Now verify that LVM has  registered the physical volumes by using the following command,

#pvdisplay

or

#pvs

From the above screenshot, all the three devices are present in the PV column

To view the same in detailed output run the following command

#pvdisplay

Note: For better view output has been truncated

Step:3  Create Volume Group(VG)

Now add the physical volumes to a volume group

Syntax:

#vgcreate    <VG name>    <disk1>   <disk2>  <disk3>
#vgcreate    VG1   /dev/sdb   /dev/sdc   /dev/sdd

Now if we check the pvdisplay or pvs command again, we can see that our physical volumes are now associated with the new volume group

#pvs or pvdisplay

As you can see from the above screenshot, now the physical volume disks have been added to volume group VG1.

To check the VG details
#vgs

or

#vgdisplay

As you can see from the above output the volume group VG1 has three physical volumes and zero logical volumes.

Here is the description of each parameter as shown in above screen shot.

1.VG NAME=Volume group name

2.Format = LVM architecture used lvm2

3.VG access = Volume group is in read and write and ready to use

4.VG status = Volume group can be resized, we can expand more if we need  to add more space

5.Cur LV= Currently there were two logical volumes in this volume groups

6.PE size= Physical extents, size for a disk can be defined using PE or GB size, 4MB is the default PE size of LVM, Say for example if we need to create 5 GB size of logical volume we can use the sum of 1280 PE, Got confused????🙄🙄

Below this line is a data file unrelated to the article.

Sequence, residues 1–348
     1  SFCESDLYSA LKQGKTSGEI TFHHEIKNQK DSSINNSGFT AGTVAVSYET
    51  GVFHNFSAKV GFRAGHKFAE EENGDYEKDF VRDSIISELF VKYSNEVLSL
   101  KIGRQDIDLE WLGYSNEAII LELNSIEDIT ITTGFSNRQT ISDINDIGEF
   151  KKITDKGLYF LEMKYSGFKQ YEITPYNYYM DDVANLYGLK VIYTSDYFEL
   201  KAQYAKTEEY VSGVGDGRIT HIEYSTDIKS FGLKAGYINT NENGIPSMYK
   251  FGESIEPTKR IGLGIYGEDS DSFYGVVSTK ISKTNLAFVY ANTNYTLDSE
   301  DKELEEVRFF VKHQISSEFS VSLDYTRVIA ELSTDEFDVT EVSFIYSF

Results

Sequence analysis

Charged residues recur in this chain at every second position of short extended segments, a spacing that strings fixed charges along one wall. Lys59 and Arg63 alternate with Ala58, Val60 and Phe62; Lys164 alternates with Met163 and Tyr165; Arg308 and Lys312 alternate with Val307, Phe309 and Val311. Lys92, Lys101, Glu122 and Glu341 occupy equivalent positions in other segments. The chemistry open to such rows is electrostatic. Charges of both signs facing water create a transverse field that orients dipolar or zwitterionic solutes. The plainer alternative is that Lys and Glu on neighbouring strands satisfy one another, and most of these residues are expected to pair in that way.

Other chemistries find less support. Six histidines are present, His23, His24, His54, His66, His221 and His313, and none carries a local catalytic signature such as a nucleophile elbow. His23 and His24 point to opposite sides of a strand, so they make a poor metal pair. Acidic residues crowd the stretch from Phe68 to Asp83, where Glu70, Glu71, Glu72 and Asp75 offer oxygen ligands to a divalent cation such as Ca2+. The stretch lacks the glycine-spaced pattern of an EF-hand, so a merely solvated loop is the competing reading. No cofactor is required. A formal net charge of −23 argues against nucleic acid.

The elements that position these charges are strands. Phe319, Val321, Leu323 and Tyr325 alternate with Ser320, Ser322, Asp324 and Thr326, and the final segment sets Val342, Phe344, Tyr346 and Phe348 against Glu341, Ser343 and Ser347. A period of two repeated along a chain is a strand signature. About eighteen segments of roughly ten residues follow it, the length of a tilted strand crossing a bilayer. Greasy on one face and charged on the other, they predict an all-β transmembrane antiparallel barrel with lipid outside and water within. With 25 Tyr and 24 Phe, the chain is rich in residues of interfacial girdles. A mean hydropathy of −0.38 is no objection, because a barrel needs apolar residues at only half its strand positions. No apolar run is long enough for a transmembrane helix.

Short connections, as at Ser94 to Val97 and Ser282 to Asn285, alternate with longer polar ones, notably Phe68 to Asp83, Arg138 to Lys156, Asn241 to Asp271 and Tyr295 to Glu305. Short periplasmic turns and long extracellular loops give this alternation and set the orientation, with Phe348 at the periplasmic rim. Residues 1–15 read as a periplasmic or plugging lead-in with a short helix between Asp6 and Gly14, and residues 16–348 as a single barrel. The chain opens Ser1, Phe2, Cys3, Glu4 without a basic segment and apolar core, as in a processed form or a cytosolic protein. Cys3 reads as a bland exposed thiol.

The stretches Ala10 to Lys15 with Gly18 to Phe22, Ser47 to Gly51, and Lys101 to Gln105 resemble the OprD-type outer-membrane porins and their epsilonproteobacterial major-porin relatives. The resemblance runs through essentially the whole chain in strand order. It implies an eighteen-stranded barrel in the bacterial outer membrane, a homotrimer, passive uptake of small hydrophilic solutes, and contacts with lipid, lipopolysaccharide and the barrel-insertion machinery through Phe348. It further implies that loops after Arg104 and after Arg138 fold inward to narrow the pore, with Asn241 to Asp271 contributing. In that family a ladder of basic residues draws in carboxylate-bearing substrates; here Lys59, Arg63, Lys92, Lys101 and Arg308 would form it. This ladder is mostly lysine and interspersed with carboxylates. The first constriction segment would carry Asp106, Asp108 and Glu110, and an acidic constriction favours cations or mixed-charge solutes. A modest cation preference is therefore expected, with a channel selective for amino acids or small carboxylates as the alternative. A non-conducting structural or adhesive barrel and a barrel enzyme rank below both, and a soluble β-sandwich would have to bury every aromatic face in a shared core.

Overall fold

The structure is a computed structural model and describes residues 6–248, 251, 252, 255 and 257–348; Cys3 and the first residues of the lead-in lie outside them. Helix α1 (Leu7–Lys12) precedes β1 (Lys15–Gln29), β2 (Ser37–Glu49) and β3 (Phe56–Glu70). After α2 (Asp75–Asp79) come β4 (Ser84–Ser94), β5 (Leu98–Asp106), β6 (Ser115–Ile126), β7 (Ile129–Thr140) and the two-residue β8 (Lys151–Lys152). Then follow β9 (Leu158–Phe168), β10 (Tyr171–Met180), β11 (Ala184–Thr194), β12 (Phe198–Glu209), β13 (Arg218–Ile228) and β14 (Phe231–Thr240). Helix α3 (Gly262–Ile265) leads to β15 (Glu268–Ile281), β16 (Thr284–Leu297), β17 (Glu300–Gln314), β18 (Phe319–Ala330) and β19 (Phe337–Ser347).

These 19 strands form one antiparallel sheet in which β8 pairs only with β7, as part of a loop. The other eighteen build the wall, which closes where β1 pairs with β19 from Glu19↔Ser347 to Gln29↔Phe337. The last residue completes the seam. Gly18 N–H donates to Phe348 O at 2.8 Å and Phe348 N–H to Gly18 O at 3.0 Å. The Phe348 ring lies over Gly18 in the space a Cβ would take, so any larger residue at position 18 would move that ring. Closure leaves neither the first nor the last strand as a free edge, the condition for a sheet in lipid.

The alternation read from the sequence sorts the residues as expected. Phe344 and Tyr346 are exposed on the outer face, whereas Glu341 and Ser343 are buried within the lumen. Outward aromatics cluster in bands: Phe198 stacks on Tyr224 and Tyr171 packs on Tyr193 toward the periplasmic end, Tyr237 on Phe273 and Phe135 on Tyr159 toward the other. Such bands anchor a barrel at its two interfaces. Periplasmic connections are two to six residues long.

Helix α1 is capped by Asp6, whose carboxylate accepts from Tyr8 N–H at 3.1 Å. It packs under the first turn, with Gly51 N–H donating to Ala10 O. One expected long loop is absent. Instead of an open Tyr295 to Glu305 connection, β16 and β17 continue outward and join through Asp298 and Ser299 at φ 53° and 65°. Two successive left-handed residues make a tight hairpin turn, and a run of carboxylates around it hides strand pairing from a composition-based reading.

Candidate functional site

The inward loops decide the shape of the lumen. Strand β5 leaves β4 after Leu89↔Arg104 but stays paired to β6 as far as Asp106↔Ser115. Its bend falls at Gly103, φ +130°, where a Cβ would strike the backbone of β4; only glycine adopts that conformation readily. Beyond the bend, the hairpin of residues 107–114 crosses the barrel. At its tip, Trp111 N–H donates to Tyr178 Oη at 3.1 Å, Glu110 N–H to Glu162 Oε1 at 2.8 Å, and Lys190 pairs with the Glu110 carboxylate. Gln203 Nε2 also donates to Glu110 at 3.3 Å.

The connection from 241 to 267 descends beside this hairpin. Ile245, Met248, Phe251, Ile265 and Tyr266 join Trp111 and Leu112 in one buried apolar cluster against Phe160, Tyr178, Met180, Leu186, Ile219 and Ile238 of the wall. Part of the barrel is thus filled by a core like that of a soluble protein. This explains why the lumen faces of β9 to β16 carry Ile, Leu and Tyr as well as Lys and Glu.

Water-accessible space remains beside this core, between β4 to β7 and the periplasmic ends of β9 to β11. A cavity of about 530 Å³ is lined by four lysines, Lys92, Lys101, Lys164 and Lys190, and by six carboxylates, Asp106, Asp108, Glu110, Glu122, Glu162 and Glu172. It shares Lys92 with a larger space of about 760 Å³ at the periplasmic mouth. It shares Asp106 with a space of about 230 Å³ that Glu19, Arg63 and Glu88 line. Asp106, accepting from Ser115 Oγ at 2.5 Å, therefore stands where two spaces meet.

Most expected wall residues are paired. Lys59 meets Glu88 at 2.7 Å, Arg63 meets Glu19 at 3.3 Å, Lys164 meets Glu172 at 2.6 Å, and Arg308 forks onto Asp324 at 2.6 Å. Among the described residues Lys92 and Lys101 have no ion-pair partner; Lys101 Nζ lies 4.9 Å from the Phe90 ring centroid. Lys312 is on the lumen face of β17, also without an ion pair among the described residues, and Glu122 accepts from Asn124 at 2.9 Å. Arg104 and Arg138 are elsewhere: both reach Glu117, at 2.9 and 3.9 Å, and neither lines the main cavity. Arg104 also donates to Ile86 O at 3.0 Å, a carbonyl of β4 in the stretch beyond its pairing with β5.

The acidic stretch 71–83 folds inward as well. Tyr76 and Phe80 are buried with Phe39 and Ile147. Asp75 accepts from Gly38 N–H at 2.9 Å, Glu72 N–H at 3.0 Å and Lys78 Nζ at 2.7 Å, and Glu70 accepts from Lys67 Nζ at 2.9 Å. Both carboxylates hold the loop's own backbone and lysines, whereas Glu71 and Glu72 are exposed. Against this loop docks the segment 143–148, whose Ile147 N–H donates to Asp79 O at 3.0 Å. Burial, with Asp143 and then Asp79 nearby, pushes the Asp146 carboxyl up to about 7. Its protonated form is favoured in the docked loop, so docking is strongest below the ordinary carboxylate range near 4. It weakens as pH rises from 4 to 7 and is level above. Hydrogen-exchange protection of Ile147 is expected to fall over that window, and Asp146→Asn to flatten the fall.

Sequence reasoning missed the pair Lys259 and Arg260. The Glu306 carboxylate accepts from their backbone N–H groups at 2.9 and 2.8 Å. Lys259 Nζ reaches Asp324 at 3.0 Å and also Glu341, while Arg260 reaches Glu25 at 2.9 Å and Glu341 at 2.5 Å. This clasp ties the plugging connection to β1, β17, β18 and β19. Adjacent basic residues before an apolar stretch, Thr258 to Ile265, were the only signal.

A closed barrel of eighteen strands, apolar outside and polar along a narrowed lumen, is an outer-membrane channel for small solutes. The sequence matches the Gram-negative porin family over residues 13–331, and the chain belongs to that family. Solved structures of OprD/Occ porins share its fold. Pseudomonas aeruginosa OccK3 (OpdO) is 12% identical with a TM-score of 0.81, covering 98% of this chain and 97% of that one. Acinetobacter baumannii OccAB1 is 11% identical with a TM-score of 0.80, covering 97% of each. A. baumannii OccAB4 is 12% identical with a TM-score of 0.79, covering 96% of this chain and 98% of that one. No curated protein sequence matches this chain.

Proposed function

let me explain this in a easier way,as we all know 1024 MB=1 GB,if so 1024 MB * 5=5120 PE =5 GB,now divide the  5120 / 4= 1280,4 is the default PE size.

7.Total PE=  This volume group have

8.Alloc PE=  Total PE used.full PE already used,6141 * 4 PE = 24564

9.Free PE= Spaces are available as the lv are not yet been started using

Step:5 Create a Logical volume from the Volumegroup pool

We have a volume group available, we can use it for creating logical volumes.Unlike conventional partitioning, when working with logical volumes, you don’t need to know the layout of the volume since LVM maps and handle this for you.You only need to provide the size of the volume and name.

Now we will create three seprate logical volumes from the volume group

2G for  “lv1” volume

4G for “lv2” volume

4G for “lv3” volume

Syntx:

#lvcreate   -L <size>  -n  <Lv Name>   <Volume group name>
#lvcreate  -L  +2G  -n  lv1   vg1
#lvcreate  -L +4G  -n  lv2  vg1
#lvcreate   -L +4G  -n    lv3  vg1

Now check the logical volumes and their relationship with the volume group

#vgs

Step:6 Create a filesystem on logical volumes

Everything is done,inorder to make use of this logical volumes to store data we need to create a filesystem

#mkfs  /dev/vg1/lv1

#mkfs /dev/vg1/lv2

#mkfs  /dev/vg1/lv3

Repeat the same for the remaining logical volumes also i.e for lv2 and lv3

Step 7: Mount the Logical volumes to some mount point directory
#mount  /devv/vg1/lv1   /BACKUP

#mount  /dev/vg1/lv2   /DATABASE

#mount  /dev/vg1/lv3  /WEBDATA

All the logical volumes have been successfully mounted and its now ready to use

check the mounted filesystem information by using the following command

#df  -h

In our next article, we will see how to grow the size of the logical volume partitions, increase the size of the volume group and many more.

Never miss any articles from Vasanth blog follow my facebook page for updates Learn Linux in an easier way

If you found this article useful, Kindly Subscribe here 👉👉🏿Click this link to Subscribe